The Catholic University of America

 

Veronica McGraw

"Troilus: Our (Pre-Christianity) Christian Hero"

Profile:

Veronica McGraw is a junior working towards a degree in Music, English, and a minor in French. Her academic interests include early 19th century British literature and the role of jazz and popular music in American society. This is also her second year as the president of the CUA Swing Kids and she enjoys running lessons and dances on campus. After graduation, Veronica hopes to go abroad to do a year of service. Afterwards, she wants to come back to America and open up a bookstore with her friend Rachel.

Interview:

Question #1

If you could highlight just one piece of evidence from your essay (whether it be a passage, primary source, excerpt from a song, or architectural structure) which would you choose and why?

...forsight of divine purveyaunce

 

Hath seyn alwey me to forgon Criseyde,

 

Syn God seeth every thyng, out of doutaunce,

 

And hem disponyth, through his ordinaunce,

 

In hire merites sothly for to be,

As they shul comen by predestine (Chaucer, Troilus and Criseyde, IV, 961-966). 

This passage comes at the end of the story after Criseyde has left and Troilus is left bewildered, wondering why she has left. It is important for two reasons. The first is Troilus' use of the word "God" which points towards an understanding of a  monotheistic God that he has been developing throughout the story. The second reason this passage is important is because it is discussion of predestination, free will, and God's involvement in the world. He argues that God knows everything and Criseyde leaving him was actually a predestined event. So, no matter what either of them did, she would have still left. His struggle with the tension between free will and God's ultimate power is a very common Christian problem and not a problem a pagan would really deal with, given the nature of their gods. It is a very good example of this Christian journey that Troilus has made throughout the story.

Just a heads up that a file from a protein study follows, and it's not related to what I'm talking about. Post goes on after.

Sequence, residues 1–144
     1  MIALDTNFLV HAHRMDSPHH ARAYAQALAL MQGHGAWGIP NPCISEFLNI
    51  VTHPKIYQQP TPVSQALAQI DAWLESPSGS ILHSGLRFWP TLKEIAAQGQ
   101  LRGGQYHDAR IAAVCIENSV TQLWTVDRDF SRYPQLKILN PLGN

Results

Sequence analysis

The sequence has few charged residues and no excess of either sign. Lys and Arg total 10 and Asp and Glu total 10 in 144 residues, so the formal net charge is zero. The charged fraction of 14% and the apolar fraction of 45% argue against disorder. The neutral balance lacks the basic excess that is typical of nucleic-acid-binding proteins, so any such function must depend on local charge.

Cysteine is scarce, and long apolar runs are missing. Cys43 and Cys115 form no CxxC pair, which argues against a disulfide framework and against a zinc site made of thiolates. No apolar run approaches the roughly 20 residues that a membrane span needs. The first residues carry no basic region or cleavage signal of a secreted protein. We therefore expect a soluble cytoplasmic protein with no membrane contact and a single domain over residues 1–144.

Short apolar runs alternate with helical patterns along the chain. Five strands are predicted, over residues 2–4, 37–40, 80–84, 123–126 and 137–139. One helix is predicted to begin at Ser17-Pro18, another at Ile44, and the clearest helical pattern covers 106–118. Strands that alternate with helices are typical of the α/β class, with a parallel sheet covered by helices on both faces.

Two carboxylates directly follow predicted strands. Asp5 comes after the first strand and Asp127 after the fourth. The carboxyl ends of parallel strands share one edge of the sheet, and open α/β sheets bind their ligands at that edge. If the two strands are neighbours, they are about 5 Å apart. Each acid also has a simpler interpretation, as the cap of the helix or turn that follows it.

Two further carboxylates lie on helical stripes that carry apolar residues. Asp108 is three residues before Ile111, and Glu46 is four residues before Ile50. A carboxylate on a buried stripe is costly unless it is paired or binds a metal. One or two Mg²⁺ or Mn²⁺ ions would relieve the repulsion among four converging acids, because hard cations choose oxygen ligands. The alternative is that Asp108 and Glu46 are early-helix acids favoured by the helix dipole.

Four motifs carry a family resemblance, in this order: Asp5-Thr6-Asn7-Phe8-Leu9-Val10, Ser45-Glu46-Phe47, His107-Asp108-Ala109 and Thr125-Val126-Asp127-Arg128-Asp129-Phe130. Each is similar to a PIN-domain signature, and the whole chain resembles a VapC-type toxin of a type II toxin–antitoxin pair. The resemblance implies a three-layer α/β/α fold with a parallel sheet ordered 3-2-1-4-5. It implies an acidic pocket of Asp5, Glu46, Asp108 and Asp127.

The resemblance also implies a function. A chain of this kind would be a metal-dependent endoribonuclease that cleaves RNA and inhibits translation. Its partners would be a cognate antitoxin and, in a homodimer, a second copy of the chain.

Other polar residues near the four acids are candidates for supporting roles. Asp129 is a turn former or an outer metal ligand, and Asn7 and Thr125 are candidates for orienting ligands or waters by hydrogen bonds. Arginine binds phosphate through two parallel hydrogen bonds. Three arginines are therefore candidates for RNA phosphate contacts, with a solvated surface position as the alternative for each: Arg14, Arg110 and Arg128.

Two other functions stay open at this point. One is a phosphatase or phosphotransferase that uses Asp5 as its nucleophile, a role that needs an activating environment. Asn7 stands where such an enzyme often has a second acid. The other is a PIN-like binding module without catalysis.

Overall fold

Question #2

What first motivated you to submit to Inventio, and having gone through the process as an author has your perspective on academic writing changed in any way, if so how?

I had never seriosuly encouraged trying to submit my work to Inventio because I did not believe my writing was at a high enough level. But Dr. Murton, who was my Chaucer professor, encouraged me to submit this paper to Inventio so I decided it would be worth a try. As an English major, I am used to the process of revision for papers, as it is often necessary to go through five or more as a paper is written, but, that revision process was amplified through Inventio. I worked on this paper for a year total, with both Dr. Murton and student editors, and I could still look at the published product and find things that could be changed. I think it is important to recognize that writing is a process that should not feel stagnant, because there is always more to learn!

Question #3

The theme of your paper centers around Troilus’s journey of faith, and the implicit Christian undertones which you perceive Chaucer to be using throughout Troilus and Criseyde. Would you go so far as to say that Christianity is actually the primary theme or message of Chaucer’s work, or would you say that the implicit Christianity you perceive is just one of many characteristics which add to the work but do not define it?

That's a great question. I believe that Chaucer makes Christianity the central theme of his version of Troilus and Criseyde, though I do not think that would be a popular opinion among critics. Troilus and Criseyde was already an old story when Chaucer began his version of the story. In comparison to the other versions, especially Boccacio's, Chaucer makes many changes. Some of the changes are subtle but all of them are important because they represent a break with the traditional story. Through these changes, Chaucer creates a Christian arc within this pagan story. Because of this emphasis, I would say that Troilus and Criseyde is ultimately a Christian tale.